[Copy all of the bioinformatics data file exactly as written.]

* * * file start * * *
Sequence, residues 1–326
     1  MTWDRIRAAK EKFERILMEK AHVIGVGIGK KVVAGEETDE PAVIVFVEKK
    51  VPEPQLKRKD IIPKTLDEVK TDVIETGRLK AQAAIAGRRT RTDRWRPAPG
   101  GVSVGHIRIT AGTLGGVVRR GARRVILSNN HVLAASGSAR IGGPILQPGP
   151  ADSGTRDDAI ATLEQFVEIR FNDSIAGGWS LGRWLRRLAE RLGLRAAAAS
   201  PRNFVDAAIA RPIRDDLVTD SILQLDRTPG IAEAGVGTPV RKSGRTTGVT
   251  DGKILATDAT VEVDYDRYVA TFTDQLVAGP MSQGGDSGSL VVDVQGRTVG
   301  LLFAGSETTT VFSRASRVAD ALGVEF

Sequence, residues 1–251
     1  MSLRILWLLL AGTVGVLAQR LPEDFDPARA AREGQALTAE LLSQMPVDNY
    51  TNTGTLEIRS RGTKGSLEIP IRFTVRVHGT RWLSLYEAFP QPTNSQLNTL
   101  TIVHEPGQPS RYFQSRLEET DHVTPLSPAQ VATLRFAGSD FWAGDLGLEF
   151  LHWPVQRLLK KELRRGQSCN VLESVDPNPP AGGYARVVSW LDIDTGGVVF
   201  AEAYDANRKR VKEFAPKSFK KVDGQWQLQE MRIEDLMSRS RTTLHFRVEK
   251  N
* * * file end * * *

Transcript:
Sequence, residues 1–326
     1  MTWDRIRAAK EKFERILMEK AHVIGVGIGK KVVAGEETDE PAVIVFVEKK
    51  VPEPQLKRKD IIPKTLDEVK TDVIETGRLK AQAAIAGRRT RTDRWRPAPG
   101  GVSVGHIRIT AGTLGGVVRR GARRVILSNN HVLAASGSAR IGGPILQPGP
   151  ADSGTRDDAI ATLEQFVEIR FNDSIAGGWS LGRWLRRLAE RLGLRAAAAS
   201  PRNFVDAAIA RPIRDDLVTD SILQLDRTPG IAEAGVGTPV RKSGRTTGVT
   251  DGKILATDAT VEVDYDRYVA TFTDQLVAGP MSQGGDSGSL VVDVQGRTVG
   301  LLFAGSETTT VFSRASRVAD ALGVEF

Sequence, residues 1–251
     1  MSLRILWLLL AGTVGVLAQR LPEDFDPARA AREGQALTAE LLSQMPVDNY
    51  TNTGTLEIRS RGTKGSLEIP IRFTVRVHGT RWLSLYEAFP QPTNSQLNTL
   101  TIVHEPGQPS RYFQSRLEET DHVTPLSPAQ VATLRFAGSD FWAGDLGLEF
   151  LHWPVQRLLK KELRRGQSCN VLESVDPNPP AGGYARVVSW LDIDTGGVVF
   201  AEAYDANRKR VKEFAPKSFK KVDGQWQLQE MRIEDLMSRS RTTLHFRVEK
   251  N